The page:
A £25,000 campaign over a year will likely need a few different advertisements. At this level of investment, a jingle or audio identifier would be useful so listeners start to recognise your ads as soon as they hear them.
A £250,000 campaign over a year might be worth licensing a famous song for £25,000 so your brand really stands out.
Just because it’s longer, doesn’t mean an advertisement will cost more to make. A single voice 20 second ad will cost the same to make as the same voice on a 30 second or 40 second advertisement. The airtime will cost more however.
Airtime varies immensely depending on the station’s listener demographics. On a local station or a smallish AM station, you could possibly get a solid campaign for a few hundred pounds a week. Expect to be spending £1,500 a week on a larger local or a regional station. Radio is possibly one of the most cost-effective methods of advertising when you compare cost per thousand. Generally, radio stations charge you per thousand listeners at one time - and a good rough price for this is £2 per thousand people. So, if the breakfast show has 100,000 listeners at 7.30am, then buying a spot at 7.30am will cost you £200. The late night show's 10,000 listeners would only cost £20.
And remember - it's better to get a sensible repetition on a smaller audience than a huge audience not remembering your ad at all. You might therefore think: "Hang on, this looks like a nightmare to work out". It's not, since any radio station worth their salt will work this all out to your budget - giving you an estimated repetition figure, called "OTH" (opportunities to hear).
Because of RAJAR, every station can design an effective campaign for your target audience. Stations will typically put together a range of differently priced options for you to compare. If you’re a first time advertiser, be prepared to pay in advance. However, most stations will let you prepay on a month by month basis until you have an account with them. Don’t be afraid to ask for discounts on airtime as a first time customer.
Scheduling Your Ads
Once you get your commercials produced, you'll need to decide when you want them to go on the air. You can choose from two basic types of schedules.
One is "run of station," or ROS. This means the station will decide when your commercials air as well as the specific time of the day that each commercial will be played. The second type is target placed, or "flights." This strategy gives you the opportunity to decide when each commercial is played and for how many weeks during the month.
Skilled radio advertising people can help you develop effective "flights." Just know that scheduled spots are more expensive because costs are based on both inventory and the demand for particular times. For example: morning and evening drive times are more expensive than midnight or early in the morning. Some ROS placements are less expensive than scheduled placements; however, they are typically less effective.
Your local station will have RAJAR survey figures to indicate the most popular listening times for your potential customers. The best way to target is to find out which are the highest quarter-hour listening shares for your target demographic. That way, you are paying for your commercials when the chances are good your target audience is actually listening. Again, rely on your station sales rep to tell you which times will suit you best.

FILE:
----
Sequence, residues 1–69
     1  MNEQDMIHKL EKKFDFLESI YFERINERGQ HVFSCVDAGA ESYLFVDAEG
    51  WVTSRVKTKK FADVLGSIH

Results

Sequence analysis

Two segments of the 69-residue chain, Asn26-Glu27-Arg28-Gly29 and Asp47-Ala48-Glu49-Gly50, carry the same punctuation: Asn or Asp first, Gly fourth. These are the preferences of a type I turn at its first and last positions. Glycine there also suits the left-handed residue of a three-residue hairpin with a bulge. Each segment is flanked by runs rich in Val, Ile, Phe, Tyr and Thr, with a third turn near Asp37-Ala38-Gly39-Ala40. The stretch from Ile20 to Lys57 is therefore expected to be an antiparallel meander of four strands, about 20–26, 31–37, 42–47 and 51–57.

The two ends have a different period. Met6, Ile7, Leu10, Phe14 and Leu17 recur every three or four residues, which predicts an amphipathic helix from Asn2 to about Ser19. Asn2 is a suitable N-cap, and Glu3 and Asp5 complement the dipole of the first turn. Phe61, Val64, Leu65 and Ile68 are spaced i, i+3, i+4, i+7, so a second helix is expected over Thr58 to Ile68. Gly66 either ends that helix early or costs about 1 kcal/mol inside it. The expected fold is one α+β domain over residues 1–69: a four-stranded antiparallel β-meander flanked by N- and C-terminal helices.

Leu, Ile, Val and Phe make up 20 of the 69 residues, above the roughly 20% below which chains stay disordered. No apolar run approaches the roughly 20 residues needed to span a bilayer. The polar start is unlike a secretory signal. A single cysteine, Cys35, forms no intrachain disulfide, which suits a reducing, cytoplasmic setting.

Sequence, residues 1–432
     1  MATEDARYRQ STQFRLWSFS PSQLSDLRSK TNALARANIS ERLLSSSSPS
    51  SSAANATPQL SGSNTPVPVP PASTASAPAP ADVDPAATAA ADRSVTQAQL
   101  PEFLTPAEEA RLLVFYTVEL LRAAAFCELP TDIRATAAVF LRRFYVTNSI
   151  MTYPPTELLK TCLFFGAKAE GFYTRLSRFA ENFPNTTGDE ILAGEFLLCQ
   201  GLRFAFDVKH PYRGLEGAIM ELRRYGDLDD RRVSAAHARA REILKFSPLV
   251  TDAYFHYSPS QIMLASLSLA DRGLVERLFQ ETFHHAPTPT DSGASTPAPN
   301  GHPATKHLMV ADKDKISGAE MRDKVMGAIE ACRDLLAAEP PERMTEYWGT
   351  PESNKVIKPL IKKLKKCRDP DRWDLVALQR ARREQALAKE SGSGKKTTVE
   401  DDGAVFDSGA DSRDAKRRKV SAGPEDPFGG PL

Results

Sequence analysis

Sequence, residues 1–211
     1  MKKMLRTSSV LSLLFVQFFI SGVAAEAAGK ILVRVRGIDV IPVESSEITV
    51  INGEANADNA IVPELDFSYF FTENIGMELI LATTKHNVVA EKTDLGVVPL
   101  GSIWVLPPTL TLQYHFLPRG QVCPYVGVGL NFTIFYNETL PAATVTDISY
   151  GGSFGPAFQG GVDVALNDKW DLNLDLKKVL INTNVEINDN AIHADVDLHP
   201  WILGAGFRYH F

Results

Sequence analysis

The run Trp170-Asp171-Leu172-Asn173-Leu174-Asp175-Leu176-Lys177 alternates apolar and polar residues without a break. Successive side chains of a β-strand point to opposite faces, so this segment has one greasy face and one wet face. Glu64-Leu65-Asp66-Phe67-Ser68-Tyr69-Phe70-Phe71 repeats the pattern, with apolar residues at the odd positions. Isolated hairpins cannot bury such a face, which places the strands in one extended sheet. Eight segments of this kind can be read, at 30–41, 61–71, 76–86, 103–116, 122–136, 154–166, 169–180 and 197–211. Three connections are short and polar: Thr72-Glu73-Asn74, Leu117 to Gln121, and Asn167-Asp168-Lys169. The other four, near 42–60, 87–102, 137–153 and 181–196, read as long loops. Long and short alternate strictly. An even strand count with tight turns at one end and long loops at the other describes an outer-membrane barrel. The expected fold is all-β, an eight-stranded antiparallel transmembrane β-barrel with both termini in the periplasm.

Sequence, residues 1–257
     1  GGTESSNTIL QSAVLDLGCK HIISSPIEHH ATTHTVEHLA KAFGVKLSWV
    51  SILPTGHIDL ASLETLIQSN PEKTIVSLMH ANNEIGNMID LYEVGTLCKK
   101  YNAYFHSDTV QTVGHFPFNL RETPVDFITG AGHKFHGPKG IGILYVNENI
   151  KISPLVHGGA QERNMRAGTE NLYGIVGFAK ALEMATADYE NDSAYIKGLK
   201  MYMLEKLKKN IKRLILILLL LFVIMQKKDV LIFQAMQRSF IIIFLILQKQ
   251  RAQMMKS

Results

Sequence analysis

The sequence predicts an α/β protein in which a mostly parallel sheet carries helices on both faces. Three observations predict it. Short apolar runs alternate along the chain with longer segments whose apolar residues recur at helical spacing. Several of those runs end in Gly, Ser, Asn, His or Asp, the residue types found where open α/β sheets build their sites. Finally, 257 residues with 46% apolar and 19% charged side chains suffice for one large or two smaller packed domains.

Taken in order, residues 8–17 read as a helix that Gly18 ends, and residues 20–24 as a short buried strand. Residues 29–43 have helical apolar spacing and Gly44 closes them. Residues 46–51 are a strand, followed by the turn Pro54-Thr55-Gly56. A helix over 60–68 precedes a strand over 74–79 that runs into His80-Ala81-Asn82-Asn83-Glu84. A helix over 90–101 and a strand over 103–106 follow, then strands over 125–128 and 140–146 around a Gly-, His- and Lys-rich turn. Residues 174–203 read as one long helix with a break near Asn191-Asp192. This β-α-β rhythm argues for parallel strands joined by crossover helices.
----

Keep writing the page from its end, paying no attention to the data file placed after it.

Unlike television commercials, production is more simple for a radio commercial. You need a script and voice talent. However, that doesn't mean you should just slap something together. Your copy isn't relying on any visuals so it's vital you capture the listener's attention from the start. The copy needs to be crystal clear and not muddied by trying to be cutesy in your pitch. Voice talent can be as simple to find as calling the radio station. Most stations have a complete list of voice talent in your area. You send the script, they voice it. Remember, frequency is the key so make sure your ad hits the mark and will get the consumer's attention the first time. Research shows it takes a few times before the consumer actually gets what your company is all about. It's vital your ad stands out and conveys your message repeatedly.
Writing Your First Radio Commercial
Radio commercials vary in format, but one of the most common is a dialogue between consumers sharing information about the product you are trying to sell. This is effective because it creates the facade of word-of-mouth advertising, which is the one of the most effective versions, and because it can be entertaining as well as informative. Pick your format and draft an outline.
To flesh out your outline, start by writing the main info you want to include, such as a brief description of the product, location of the business and contact information. Then brainstorm ideas for the dialogue.
When writing dialogue, pick characters that appeal most to your audience. If your audience is middle-aged mothers, use two middle-aged mothers. If it's a teen audience, use teenagers.
Keep the dialogue brief, with only necessary ingredients. Radio ads have to fit in a small time slot, usually only 30 to 60 seconds, so you don't want to waste time on meaningless repertoire. To articulate your point in the advertisement, repeat it. Open the ad with your selling point, repeat it somewhere in the middle and possibly even close with it, too. Insert the business name into the draft. Do this twice for a fifteen second commercial, three times for thirty second commercials and at least four times for a sixty second commercial.